The Vermont Cynic

Scout’s honor” inequality

Staff Editorial

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Last week, Boy Scouts of America announced that the organization was opening the Eagle Scout rank to girls.

We agree that gender is a social construct, and the aim of BSA is to show that anyone should be able to join the scouting organization.

We understand that being able to enroll children in one scouting organization could be easier for parents.

This sends the message that being a boy scout is a bigger honor. As if the “highest-ranked Eagle Scout award” is the actual highest rank. As if the girl scout Gold Award doesn’t exist or take twice the number of hours to complete or require twice the amount of community involvement and leadership skills?

This solution invalidates the existence of Girl Scouting. In an effort to be inclusive, BSA is being misogynistic.

“This decision is true to the BSA’s mission and core values outlined in the Scout Oath and Law. The values of scouting–trustworthy, loyal, helpful, kind, brave and reverent, for example–are important for both young men and women,” said Michael Surbaugh, the BSA’s Chief Scout Executive.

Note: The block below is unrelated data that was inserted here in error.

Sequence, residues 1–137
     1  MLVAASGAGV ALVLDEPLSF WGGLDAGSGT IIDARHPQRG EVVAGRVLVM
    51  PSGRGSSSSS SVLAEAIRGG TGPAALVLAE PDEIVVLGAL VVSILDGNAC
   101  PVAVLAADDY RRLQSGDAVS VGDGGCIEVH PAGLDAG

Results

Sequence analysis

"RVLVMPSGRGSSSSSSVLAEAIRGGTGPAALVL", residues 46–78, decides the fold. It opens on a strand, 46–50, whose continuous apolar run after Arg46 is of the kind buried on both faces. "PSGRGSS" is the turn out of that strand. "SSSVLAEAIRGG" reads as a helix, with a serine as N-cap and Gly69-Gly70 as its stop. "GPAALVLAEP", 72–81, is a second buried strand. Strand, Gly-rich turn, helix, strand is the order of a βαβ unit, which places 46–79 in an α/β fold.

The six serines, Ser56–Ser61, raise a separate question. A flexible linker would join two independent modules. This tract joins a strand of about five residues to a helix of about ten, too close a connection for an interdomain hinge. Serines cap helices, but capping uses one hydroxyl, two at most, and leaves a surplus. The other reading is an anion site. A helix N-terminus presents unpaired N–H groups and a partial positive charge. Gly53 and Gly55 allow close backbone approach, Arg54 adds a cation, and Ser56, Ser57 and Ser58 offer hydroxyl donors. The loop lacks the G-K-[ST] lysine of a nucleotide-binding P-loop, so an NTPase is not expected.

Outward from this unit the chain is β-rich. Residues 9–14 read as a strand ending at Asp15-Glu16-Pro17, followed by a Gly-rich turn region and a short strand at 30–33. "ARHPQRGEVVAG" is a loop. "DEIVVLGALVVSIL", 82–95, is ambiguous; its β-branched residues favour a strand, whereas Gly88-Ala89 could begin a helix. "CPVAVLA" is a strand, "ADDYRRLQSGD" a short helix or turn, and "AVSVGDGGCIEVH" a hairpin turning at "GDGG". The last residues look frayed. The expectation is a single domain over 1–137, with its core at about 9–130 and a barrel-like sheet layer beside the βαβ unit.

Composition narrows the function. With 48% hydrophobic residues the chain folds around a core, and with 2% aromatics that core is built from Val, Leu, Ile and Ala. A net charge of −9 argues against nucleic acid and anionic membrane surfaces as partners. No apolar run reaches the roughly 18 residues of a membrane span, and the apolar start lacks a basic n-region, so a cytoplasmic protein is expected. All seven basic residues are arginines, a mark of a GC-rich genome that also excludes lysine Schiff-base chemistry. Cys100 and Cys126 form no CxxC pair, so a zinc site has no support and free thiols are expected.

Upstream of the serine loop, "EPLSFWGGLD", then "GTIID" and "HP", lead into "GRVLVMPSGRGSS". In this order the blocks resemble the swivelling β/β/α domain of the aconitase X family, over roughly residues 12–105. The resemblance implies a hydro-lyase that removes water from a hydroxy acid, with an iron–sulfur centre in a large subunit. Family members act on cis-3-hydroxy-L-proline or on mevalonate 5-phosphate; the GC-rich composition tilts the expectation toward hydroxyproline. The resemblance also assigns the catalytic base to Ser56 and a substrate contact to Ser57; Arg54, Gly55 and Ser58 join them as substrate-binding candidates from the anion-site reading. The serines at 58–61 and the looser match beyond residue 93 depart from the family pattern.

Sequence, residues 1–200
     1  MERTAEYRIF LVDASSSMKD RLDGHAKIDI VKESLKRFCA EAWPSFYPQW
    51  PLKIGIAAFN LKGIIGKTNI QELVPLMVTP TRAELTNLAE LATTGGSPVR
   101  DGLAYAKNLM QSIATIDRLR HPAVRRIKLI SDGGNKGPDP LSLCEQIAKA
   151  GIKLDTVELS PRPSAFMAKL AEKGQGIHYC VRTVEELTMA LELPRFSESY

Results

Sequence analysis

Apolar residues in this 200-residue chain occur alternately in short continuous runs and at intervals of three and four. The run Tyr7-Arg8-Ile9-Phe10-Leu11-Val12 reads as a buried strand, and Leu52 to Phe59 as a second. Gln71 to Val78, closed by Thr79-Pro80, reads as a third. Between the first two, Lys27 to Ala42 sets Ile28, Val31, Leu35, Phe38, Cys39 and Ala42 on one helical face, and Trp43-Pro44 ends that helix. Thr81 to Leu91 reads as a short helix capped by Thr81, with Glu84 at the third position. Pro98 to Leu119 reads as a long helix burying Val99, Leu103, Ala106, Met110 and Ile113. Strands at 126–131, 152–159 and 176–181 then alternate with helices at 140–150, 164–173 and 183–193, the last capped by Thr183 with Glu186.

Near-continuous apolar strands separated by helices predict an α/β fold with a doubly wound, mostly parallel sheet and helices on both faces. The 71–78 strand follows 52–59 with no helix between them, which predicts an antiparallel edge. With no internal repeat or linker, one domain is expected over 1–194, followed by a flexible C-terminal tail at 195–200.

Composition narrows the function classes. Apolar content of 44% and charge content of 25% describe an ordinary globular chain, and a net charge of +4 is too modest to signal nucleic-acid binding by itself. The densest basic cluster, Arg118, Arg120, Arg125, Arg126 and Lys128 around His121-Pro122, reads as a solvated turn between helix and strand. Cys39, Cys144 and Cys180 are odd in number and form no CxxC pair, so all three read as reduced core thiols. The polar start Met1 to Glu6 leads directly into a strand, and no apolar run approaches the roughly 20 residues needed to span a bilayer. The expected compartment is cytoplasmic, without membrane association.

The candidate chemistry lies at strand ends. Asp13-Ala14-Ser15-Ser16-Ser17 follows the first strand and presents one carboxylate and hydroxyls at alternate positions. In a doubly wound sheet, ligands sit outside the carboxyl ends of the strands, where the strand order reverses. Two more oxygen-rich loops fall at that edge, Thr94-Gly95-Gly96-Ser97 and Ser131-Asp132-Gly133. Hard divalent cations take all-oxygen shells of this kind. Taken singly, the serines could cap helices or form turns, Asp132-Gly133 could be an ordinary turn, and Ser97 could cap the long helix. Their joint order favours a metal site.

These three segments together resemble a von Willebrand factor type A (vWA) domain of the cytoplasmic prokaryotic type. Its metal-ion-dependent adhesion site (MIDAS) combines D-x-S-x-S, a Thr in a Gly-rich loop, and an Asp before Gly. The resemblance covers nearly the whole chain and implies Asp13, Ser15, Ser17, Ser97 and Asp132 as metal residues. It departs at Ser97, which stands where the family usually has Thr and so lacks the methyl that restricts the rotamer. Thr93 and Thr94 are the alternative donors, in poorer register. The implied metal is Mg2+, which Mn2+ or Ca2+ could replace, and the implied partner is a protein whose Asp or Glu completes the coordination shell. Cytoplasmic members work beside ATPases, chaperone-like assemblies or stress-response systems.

But that’s already a part of Girl Scout law. It already exists for both men and women.

“The BSA’s record of producing leaders with high character and integrity is amazing,” said Randall Stephenson, BSA’s national board chairman. “I’ve seen nothing that develops leadership skills and discipline like this organization. It is time to make these outstanding leadership development programs available to girls.”

There is something that develops leadership skills: Girl Scouts.

Perhaps there should be a brand new American Scouting organization introduced that tailors to neither boys nor girls.

Why must BSA make this move as though girls should only be so lucky as to get to join Cub Scouts? Or to achieve an Eagle Scout award?

The point is that an organization equal, if not better, than Boy Scouts exists for girls, and it’s wildly successful.

Trying to pull the enrollment of girls into Boy Scouts and depleting the organization of Girl Scouts weakens the organization dedicated to the development of women leadership.

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Scout’s honor” inequality